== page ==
Vision problems can be a hindrance to kids' learning and development. Not being able to see the blackboard, computer, and other reading material clearly can take a toll on children's overall academic performance.
Some eye problems can even follow kids into adulthood. According to eye experts from the National Center for Children's Vision and Eye Health at Prevent Blindness, certain eye-related conditions can lead to developmental delays, learning issues, and even vision loss.
"The good news is that many vision problems in children can be treated successfully if detected early," said Hugh Parry, CEO of Prevent Blindness, in a statement.
Early detection crucial
Good vision health is a key component of success in the classroom. But since most kids don’t complain about problems with their vision, parents should have their child’s vision regularly evaluated by a trained professional.
Vision problems in children are more common than you might think. More than one in 20 preschool-age children and one in four school-age children have a vision disorder, according to the eye experts.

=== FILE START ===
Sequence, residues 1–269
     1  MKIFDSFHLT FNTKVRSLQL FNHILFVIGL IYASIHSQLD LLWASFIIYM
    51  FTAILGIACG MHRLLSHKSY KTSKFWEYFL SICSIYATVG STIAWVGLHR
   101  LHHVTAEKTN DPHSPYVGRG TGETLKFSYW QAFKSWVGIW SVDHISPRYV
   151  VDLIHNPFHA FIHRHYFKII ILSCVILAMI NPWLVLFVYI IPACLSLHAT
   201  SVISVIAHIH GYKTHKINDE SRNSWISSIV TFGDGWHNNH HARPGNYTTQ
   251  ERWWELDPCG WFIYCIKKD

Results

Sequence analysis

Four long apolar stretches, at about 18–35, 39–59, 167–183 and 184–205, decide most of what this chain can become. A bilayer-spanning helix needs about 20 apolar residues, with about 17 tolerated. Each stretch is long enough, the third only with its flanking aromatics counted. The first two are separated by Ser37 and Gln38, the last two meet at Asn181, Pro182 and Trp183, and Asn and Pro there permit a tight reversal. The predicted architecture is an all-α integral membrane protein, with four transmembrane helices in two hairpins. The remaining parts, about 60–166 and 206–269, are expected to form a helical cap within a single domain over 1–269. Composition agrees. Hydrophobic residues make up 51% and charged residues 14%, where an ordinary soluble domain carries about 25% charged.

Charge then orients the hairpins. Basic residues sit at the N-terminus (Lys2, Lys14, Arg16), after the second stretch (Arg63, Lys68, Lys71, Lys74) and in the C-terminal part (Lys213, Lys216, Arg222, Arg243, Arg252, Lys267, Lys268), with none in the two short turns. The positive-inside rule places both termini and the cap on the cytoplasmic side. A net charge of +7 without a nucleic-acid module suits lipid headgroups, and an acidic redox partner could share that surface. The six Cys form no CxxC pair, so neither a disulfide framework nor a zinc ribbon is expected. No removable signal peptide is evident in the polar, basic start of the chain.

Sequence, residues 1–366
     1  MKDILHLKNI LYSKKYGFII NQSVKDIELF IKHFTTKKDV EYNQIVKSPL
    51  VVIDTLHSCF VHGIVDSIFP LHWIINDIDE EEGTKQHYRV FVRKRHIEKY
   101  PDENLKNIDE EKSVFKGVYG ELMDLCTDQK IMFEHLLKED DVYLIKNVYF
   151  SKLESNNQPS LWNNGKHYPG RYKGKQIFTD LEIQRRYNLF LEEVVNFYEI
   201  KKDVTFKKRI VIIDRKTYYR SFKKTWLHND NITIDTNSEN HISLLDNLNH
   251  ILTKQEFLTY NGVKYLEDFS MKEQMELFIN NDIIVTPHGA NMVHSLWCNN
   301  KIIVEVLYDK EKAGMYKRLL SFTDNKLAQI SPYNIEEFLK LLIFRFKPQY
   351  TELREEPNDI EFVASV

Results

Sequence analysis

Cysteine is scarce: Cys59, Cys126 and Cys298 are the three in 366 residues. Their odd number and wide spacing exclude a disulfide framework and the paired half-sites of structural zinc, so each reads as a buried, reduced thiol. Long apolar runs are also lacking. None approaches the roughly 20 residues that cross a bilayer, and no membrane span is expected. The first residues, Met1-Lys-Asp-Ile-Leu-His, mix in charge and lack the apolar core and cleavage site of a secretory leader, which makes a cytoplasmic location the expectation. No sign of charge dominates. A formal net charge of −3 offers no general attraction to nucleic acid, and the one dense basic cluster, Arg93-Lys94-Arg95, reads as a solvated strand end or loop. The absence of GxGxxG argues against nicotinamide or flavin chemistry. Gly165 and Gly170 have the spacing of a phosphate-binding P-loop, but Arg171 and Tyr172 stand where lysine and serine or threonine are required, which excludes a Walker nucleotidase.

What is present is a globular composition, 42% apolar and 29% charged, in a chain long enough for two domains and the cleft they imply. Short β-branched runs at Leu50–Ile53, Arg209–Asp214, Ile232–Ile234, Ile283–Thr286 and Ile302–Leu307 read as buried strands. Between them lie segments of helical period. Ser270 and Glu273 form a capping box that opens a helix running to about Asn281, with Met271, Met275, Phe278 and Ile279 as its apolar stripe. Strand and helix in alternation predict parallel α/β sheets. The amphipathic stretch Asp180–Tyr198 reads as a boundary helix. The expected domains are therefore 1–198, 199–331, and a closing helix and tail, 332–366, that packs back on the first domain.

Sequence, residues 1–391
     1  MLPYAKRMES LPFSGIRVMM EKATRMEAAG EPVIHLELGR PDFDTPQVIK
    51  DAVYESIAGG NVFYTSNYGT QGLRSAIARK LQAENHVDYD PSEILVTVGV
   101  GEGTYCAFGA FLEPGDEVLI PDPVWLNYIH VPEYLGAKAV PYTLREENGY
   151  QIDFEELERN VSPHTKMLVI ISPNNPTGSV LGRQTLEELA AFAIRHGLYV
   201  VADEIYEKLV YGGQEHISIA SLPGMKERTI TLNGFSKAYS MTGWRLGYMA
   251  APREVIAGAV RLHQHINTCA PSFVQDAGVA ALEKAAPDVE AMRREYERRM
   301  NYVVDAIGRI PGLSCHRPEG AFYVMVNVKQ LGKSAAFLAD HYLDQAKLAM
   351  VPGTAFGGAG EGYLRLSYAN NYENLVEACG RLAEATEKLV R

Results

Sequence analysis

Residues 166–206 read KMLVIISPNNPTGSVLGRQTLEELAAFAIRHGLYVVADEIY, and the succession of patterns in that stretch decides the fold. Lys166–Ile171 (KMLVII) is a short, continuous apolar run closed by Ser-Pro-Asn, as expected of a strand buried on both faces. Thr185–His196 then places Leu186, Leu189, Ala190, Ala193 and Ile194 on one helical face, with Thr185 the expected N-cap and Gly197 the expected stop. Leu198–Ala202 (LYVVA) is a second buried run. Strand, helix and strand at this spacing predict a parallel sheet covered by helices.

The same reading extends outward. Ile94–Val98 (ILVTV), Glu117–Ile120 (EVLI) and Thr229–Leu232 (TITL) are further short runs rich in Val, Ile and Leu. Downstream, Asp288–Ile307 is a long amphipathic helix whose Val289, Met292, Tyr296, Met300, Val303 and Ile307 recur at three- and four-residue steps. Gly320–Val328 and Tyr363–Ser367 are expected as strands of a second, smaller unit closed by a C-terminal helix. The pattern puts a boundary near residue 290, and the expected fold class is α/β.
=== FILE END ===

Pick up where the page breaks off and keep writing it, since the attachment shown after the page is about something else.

The following may be signs your child is struggling with a vision problem, according to the American Academy of Opthalamology (AAO):
- Having a short attention span.
- Losing their place when reading.
- Avoiding reading and other close activities.
- Turning their head to the side.
While some problems, such as nearsightedness (myopia) or farsightedness (hyperopia), are easily treated with a vision correction tool like glasses, other conditions may become more serious without early intervention.
Amblyopia -- or “lazy eye” -- occurs when, for a variety of reasons, one eye has reduced vision. This is the most common cause of vision loss among kids, according to the experts at Prevent Blindness. Left untreated, the condition can lead to complete loss of vision in the weaker eye.
Astigmatism, which is more common in children who are nearsighted or farsighted, occurs when the eye’s cornea or lens is irregularly shaped. It can cause blurry vision at all distances if not corrected. Up to 28% of children ages 5 to 17 have astigmatism.
Strabismus, or “crossed eyes," occurs when the eyes' muscles are misaligned. Up to 4 percent of young children have strabismus. If left untreated, this disorder can lead to amblyopia and vision loss.
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